- In the spirit of letting people control their way of working, we never mandate whether a squad should run scrum, kanban, their own special creation, or a traditional way of working. Following Daniel Pink’s principles of motivation, one of the key forms of autonomy is being in control of your processes. Giving people autonomy over who they work with should be extended by letting them choose how they work together.
- There are two agile practices we believe should remain mandatory: retrospectives and physical story walls (if you are co-located).
- It’s fair to say that sometimes employees don’t want to work with each other. And that’s okay. People know whether they’re going to gel in a squad with a particular person, and if not, it makes sense they would choose not to work with him or her. Self-selection, unlike management selection, allows them to make that choice.
Having received a handful of calls these past few weeks, I’ve realized that I’m thinking more about learning opportunities now than only looking at an offer’s compensation package. Salary still matters of course but there’s more to a day job than just allocating money for expenses and savings. Work wouldn’t be fun when there’s only menial work to do. What would I learn if I took an offer in exchange for my services? Will I be doing something I’ve never done or tried before? Is this work meaningful, both for our customers and for me as an individual?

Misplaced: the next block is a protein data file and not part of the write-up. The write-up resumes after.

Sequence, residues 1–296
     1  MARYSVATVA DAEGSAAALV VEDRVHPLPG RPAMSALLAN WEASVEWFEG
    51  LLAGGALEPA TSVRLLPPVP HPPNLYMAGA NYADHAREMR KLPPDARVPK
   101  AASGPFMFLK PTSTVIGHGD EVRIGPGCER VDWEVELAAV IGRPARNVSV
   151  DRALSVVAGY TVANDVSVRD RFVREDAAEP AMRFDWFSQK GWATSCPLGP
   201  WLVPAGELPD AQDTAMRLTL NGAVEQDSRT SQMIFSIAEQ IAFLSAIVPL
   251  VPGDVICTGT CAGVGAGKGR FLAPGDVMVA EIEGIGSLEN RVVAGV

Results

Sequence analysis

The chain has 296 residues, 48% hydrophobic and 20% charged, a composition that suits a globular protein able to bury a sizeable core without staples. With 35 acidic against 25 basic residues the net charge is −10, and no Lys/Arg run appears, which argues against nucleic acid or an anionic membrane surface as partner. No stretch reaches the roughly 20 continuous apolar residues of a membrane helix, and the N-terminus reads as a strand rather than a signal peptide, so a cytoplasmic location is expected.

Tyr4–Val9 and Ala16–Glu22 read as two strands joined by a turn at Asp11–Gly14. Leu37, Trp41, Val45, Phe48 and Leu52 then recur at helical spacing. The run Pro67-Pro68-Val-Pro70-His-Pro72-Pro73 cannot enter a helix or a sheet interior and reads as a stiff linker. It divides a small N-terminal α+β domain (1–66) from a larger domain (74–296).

And some more questions to recruiting employers on the top of my head:
- How does the existing software development and testing process work in the organization?
- Are testers embedded into software teams? Or do they work in silos, away from the developers?
- What does a software team look like and compose of?
- What does the day-to-day work look like for the software tester?
- How many testers are there currently in the organization? And what’s the existing ratio of developers to testers?
- What technologies do the organization currently use for testing? Are there automated checks? Is there an existing CI system?
- Does the organization use containers? Visual testing? Machine learning?
- Who are the organization’s actual clients? Which lives are we trying to improve on a daily basis?
- How do the software teams get feedback from the people who use their applications?
I have always thought of myself as a good listener. That’s what I believe to be particularly the reason why I have thrived working with both programmers and product owners, a software tester in the midst of all sorts of people. It’s a fundamental skill I have learned to be proficient in.
What’s not my strong suit at though is asking people for what I want or need. Of course asking for little things or asking probing/clarifying questions isn’t that difficult; what’s tough is inviting people to join you on a quest, asking friends to do something interesting together, or asking a fascinating lady out to lunch. It’s a fear which doesn’t get any easier even if I actually know the problem. And the solution is the same as with all skills: practice. It has been and always will be a struggle, so I need to continuously remind myself to be brave.